Pacific War Museum

If HBO’s 10-part Pacific series has fired your interest in World War II’s Pacific Theater, consider visiting the newly renovated and much expanded George H. W. Bush Gallery of the National Museum of the Pacific War in Fredericksburg, Texas. Inside the 33,000-square-foot gallery, whose architecture evokes an aircraft carrier, pill box, and Pacific island beachhead, is a Japanese midget submarine and a B-25 bomber flown on the 1942 Doolittle Raid, along with exhibits about the war’s origins and the major battles from Coral Sea to Okinawa. Read more »

Empire Of The Winds

In the Aleutian Islands you can explore a landscape of violent beauty, discover the traces of an all-but-forgotten war, and (just possibly) catch a $100,000 fish

 

One summer 30 years ago I found myself on a DC-3 bound for Unalaska, my string bass strapped into the seat next to me. I anchored the rhythm section of a high school band in Anchorage, and we were going to show students in this remote village on the Aleutian chain how much fun it could be to play a musical instrument.

 
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Return To Midway

THE ATOLL WHERE THE TIDE OF THE PACIFIC WAR TURNED IS NOW BOTH A STIRRING
HISTORICAL LANDMARK AND A STUNNING WILD LIFE REFUGE.

As we approached, the pilot came on the 737’s PA systern to announce that he would be swinging around the coral atoll before landing so everyone would get a good first look at our destination, one of the most remote in the Pacific Ocean. A murmur lifted and echoed through the cabin as those on one side and then the other strained to glimpse the wide lagoon, a luminescent aquamarine circle surrounded by the deep blue of the encompassing sea.

 
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The Real Meaning Of Pearl Harbor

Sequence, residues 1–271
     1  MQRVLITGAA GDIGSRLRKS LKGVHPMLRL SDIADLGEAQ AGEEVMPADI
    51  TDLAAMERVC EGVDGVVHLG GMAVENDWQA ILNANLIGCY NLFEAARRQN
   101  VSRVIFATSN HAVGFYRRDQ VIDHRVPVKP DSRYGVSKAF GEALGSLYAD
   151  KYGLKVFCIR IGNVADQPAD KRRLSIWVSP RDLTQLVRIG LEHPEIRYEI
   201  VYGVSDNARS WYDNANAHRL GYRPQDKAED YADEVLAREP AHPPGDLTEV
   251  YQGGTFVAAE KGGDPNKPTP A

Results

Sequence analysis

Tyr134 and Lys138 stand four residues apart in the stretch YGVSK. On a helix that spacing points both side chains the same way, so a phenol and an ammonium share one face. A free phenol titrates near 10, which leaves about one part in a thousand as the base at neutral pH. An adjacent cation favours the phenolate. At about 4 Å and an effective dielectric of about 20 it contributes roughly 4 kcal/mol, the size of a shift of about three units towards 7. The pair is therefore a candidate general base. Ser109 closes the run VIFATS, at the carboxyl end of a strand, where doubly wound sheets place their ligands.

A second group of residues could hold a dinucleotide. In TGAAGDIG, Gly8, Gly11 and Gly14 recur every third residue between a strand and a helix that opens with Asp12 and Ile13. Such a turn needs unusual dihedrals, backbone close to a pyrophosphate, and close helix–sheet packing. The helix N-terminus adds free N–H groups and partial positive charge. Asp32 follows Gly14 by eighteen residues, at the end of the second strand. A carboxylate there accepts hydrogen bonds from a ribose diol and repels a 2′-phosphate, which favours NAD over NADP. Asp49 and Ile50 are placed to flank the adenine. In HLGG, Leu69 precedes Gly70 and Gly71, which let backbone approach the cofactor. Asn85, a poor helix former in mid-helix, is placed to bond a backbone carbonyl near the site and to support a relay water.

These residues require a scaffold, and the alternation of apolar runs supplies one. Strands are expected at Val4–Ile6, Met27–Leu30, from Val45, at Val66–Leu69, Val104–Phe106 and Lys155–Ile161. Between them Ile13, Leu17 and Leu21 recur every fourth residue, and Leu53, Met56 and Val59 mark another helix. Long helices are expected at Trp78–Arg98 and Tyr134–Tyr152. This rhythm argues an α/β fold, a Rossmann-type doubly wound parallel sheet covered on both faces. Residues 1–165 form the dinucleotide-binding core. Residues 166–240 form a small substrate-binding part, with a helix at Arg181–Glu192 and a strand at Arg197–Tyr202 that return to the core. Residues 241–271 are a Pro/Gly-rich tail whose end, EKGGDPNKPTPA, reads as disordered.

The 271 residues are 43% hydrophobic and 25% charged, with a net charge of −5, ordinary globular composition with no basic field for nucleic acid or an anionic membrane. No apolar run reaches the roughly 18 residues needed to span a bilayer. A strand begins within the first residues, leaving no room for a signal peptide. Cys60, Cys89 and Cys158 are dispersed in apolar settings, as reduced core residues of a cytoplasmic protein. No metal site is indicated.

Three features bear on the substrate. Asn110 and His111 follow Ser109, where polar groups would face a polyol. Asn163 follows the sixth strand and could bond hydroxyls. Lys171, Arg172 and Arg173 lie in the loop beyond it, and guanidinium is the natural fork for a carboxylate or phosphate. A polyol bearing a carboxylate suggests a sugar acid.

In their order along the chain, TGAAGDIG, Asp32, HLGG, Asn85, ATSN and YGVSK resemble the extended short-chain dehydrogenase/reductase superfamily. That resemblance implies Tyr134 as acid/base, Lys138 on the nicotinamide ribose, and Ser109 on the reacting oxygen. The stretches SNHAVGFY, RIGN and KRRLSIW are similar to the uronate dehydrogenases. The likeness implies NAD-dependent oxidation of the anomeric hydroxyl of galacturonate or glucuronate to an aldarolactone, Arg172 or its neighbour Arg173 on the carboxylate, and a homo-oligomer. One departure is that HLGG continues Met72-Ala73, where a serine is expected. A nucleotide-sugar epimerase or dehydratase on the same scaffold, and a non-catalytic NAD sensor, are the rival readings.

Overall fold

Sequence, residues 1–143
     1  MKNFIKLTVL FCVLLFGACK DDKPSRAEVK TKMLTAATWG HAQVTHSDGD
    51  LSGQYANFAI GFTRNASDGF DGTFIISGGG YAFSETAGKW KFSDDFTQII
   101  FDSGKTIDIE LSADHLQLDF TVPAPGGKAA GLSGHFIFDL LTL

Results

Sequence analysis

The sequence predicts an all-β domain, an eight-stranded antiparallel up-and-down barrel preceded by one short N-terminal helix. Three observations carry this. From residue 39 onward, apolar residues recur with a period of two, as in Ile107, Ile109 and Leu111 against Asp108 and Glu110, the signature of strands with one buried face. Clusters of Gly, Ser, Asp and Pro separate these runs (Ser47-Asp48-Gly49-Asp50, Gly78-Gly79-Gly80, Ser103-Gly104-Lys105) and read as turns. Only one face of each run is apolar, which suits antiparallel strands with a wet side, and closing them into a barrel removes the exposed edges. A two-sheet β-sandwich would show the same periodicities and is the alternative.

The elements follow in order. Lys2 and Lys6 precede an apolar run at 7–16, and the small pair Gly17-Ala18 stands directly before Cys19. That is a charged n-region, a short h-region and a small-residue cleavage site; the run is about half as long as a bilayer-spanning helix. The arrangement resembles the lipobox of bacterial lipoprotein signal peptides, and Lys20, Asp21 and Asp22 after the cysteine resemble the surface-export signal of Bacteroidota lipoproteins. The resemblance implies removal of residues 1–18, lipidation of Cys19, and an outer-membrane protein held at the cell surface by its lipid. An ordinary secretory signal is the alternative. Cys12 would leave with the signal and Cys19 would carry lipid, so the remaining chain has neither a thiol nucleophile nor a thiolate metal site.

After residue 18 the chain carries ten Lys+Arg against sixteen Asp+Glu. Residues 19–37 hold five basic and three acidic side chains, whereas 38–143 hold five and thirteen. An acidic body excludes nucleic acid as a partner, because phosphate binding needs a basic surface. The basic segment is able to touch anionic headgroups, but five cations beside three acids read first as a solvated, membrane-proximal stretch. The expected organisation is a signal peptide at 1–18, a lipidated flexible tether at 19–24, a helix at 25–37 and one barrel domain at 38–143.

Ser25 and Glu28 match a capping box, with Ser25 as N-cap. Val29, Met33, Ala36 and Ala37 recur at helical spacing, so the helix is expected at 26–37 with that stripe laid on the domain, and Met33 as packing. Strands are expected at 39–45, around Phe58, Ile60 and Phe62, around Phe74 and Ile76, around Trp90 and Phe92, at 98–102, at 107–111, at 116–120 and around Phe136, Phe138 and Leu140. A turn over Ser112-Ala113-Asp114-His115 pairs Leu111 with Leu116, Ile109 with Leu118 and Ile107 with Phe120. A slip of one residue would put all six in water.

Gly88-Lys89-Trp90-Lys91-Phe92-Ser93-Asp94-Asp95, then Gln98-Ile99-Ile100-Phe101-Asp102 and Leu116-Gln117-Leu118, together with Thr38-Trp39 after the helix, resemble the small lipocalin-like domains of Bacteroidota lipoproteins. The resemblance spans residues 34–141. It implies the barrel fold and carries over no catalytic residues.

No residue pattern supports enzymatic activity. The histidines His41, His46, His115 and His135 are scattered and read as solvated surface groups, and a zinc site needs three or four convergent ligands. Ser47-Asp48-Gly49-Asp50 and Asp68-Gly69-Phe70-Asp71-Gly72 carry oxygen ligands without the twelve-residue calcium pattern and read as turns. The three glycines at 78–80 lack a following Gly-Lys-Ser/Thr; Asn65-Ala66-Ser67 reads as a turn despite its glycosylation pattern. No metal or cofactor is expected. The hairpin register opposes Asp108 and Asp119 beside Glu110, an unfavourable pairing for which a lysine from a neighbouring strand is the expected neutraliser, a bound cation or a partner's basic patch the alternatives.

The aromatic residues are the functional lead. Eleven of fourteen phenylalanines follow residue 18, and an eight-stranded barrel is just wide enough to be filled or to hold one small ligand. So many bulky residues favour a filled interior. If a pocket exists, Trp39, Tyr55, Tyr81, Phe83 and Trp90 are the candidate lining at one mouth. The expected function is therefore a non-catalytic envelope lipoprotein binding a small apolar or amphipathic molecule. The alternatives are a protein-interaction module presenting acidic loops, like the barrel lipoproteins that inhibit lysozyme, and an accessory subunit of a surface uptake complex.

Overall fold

The Japanese planes that came screaming down on Pearl Harbor on December 7, 1941, changed the whole course of history. The United States was plunged into a long, grueling war. But more than that, the lives of most Americans were to be altered radically not just for the duration of the war, but forever. Read more »

“I Am Not A Very Timid Type …”

The American public, reeling from a series of defeats at the onset of World War II, was thrilled by the dramatic announcement that, on April 18, 1942, a flight B-25 medium bombers had successfully struck Tokyo and other targets on the Japanese mainland. To keep the enemy off-balance rigid security was imposed on the details of the surprise carrier-launched raid. “Shangn-La,” a smiling President Franklin D. Roosevelt replied when asked where the attack had originated.

 

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The Fall Of Corregidor

“The Rock” was a proud island fortress, impregnable to attack from the sea. Unfortunately, the Japanese didn’t come that way. Its capture climaxed the bitterest defeat in our history

In 1941, Manila Bay was the focus of United States power in the Orient: all of our war plans emphasized its importance. The Orange—or War with Japan—plan envisaged a naval campaign: if United States and Filipino forces could hold the Bataan peninsula and the fortified islands at the entrance to Manila Bay, thus denying their use to an enemy for a period of three to six months, the Pacific Fleet would fight its way westward from Pearl Harbor and relieve and reinforce the defenses.

“I’ve Served My Time In Hell”

So thought many a weary Marine after the bloody, interminable battle for Guadalcanal. It was only a dot in the ocean, but upon its possession turned the entire course of the Pacific war

On May 3, 1942, a small detachment of Japanese sailors, the grd Kure Special Landing Force, landed without opposition on Tulagi Island, then capital of the British Solomon Islands. Read more »

The First Flag-raising On Iwo Jima

A single great photograph has become an indelible symbol of the Marines’ heroic fight for the Japanese island. But hours earlier a now-almost-forgotten platoon had raised the first American flag on Mt. Suribachi’s scarred summit—and under enemy fire

Iwo Jima was a gray silhouette in the dawn of February 19, 1945, when we got our first look at it. The naval guns that would support our landing had started to thunder, and the target areas teemed with red perforations. From the deck of our transport we forty-six men of the 3rd Platoon of Company E, 2nd Battalion, 28th Marines, scanned the island apprehensively. We knew that its seven and a half square miles held more than 20,000 of Japan’s best troops and a multitude of ingenious defenses.

 
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One Who Survived

SEAMAN HEYN’S STORY
FROM THE NAVAL ARCHIVES OF WORLD WAR II

Day after day, the sun, the sea, and the sharks cut down the men who clung to the “doughnut” raft

 
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